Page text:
Anolis ortonii Amazon Bark Anole
Mamirauá Sustainable Development Reserve, Amazonas, BrazilNovember 15, 2006
Amazon Bark Anole (Anolis ortonii) Amazon Bark Anole (Anolis ortonii)
These anoles were extremely graceful and wary, leaping from twig to branch in effortless silence. We spent ten or fifteen minutes trying to maneuver the first one we saw into sitting still in reach of my camera. Eventually I got the first photo above. Later in the day I snuck up on a couple others without spooking them, including the one in the second photo above.

Here is an account of the four days we spent at Uakari Floating Lodge in the Mamirauá Sustainable Development Reserve.

Santa Cruz Forest Reserve, Loreto, PeruJanuary 21, 2013
Amazon Bark Anole (Anolis ortonii)
The anoles in this area can be tricky to tell apart, but I believe the mottled pattern on this one's back identifies it as Anolis ortonii rather than Anolis fuscoauratus or Anolis trachyderma.

Here is a complete list of the herps I saw in the wild on my 2013 MT Amazon Expeditions trip.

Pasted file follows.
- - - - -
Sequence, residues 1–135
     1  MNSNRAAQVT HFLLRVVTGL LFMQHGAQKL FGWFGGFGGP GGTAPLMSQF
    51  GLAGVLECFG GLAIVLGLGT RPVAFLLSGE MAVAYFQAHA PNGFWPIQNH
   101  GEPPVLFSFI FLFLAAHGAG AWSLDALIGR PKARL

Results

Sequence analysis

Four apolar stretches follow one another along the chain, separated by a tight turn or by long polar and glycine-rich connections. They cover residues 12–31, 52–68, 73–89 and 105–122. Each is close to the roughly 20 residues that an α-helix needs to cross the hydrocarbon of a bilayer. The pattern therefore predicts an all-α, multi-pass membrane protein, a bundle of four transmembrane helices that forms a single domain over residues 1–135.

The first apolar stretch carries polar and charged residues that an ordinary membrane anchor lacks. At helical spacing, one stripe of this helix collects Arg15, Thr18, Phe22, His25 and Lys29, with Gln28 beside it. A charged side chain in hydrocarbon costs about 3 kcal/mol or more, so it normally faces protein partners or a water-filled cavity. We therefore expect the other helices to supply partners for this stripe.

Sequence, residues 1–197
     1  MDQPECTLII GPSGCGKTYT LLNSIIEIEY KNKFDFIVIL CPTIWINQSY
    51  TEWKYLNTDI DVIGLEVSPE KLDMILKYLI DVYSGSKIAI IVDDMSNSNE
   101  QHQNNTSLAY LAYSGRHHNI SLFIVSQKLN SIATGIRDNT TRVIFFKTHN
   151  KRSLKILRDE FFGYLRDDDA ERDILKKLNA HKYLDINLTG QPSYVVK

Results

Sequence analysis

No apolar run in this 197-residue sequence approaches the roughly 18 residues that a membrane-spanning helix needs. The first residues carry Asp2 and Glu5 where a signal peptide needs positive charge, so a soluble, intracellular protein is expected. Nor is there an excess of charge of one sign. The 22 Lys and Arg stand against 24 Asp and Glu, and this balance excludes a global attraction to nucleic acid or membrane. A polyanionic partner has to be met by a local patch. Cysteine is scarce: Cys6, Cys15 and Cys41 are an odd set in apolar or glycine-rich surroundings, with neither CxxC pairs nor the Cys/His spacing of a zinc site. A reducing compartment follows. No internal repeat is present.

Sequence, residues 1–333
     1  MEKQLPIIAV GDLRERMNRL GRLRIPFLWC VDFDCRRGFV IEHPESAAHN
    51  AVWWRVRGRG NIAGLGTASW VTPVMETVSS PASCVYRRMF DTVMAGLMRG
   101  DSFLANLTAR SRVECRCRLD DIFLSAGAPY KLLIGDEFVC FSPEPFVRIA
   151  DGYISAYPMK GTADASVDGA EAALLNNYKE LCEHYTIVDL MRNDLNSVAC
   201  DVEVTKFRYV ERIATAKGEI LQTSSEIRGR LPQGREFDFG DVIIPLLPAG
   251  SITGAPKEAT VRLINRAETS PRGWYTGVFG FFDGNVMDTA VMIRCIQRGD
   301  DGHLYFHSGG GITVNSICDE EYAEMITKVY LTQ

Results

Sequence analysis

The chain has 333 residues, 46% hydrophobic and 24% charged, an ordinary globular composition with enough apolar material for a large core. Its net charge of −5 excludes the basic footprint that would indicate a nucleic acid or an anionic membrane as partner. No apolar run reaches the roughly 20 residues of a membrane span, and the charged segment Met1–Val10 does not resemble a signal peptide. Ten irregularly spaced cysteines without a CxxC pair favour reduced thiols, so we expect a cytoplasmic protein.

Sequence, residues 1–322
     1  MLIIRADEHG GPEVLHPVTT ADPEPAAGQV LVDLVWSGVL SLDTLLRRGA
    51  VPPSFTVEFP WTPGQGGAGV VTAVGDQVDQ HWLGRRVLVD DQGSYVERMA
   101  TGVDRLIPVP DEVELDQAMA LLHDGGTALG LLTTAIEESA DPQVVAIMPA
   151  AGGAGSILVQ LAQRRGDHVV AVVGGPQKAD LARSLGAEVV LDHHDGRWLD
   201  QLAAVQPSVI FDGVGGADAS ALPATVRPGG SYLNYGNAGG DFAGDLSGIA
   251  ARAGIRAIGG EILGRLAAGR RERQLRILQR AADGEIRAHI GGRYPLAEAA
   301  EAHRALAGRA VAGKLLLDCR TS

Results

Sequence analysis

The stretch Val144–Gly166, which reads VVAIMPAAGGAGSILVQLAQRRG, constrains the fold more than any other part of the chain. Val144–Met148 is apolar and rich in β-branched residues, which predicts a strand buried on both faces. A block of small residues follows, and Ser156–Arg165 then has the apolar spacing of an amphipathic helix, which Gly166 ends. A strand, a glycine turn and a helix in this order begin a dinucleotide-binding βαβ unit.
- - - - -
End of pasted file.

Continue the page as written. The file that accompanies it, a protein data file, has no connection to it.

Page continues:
Madre Selva Biological Station, Loreto, PeruJanuary 13, 2014
Amazon Bark Anole (Anolis ortonii)
There were plenty of sleeping Anolis ortonii in 2014 as well. I still haven't seen one of these during the day in Peru.

Here is a complete list of the herps I saw in the wild on my 2014 MT Amazon Expeditions trip.

Santa Cruz Forest Reserve, Loreto, PeruJanuary 21, 2014
Amazon Bark Anole (Anolis ortonii)
One last sleeping Peruvian anole, at least for 2014. This one's a youngster, about half-grown.
Quistacocha Zoo, Iquitos, Loreto, PeruJanuary 30, 2016
Amazon Bark Anole (Anolis ortonii)
This is an obviously terrible picture of an anole occupying a palm tree just outside of the ticket counter at the zoo in Iquitos. The lighting was terrible, and the poor anole was spooked by the half-dozen crazy Americans trying to take its photo. This was the only shot I got, which is a shame because of all the anoles I've seen in Peru, this is the one that I'm most confident is in fact Anolis ortonii. I'm a little worried that any or all of the others might really be Anolis fuscoauratus.

My Travelogues and Trip Lists page includes a complete list of the herps I saw in the wild on my 2016 MT Amazon Expeditions trip.

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